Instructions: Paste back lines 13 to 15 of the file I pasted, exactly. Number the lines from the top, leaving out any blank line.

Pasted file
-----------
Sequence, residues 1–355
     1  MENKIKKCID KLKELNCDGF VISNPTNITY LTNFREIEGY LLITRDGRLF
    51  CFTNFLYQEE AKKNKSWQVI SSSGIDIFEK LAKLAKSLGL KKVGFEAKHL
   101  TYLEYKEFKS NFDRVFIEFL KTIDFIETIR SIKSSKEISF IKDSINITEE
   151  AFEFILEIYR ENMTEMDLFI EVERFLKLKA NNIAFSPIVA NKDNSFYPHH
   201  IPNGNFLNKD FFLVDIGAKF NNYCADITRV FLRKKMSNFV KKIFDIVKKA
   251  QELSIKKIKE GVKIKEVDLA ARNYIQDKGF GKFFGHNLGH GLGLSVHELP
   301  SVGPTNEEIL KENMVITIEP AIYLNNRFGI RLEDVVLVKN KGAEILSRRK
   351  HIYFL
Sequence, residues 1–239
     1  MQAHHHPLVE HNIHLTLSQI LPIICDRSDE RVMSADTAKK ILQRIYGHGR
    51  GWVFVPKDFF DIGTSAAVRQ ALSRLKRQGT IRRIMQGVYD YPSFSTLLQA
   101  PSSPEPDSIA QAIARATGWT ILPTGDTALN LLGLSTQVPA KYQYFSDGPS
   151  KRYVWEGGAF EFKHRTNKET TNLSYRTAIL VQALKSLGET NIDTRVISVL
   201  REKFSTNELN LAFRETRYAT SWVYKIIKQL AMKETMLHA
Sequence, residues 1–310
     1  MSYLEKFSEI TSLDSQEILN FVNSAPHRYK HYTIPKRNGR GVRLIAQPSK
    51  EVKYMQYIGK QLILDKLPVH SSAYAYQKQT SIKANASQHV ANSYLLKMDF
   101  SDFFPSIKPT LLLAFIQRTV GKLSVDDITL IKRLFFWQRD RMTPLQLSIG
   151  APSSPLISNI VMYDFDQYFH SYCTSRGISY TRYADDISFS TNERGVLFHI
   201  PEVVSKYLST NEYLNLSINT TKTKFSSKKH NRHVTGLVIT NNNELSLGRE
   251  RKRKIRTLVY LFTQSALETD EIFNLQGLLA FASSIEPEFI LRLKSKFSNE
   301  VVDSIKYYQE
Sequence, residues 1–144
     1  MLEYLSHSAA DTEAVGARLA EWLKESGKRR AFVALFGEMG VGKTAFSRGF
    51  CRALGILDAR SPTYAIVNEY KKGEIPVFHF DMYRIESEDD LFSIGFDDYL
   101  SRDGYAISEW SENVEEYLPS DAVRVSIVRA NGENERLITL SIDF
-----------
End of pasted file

   101  PSSPEPDSIA QAIARATGWT ILPTGDTALN LLGLSTQVPA KYQYFSDGPS
   151  KRYVWEGGAF EFKHRTNKET TNLSYRTAIL VQALKSLGET NIDTRVISVL
   201  REKFSTNELN LAFRETRYAT SWVYKIIKQL AMKETMLHA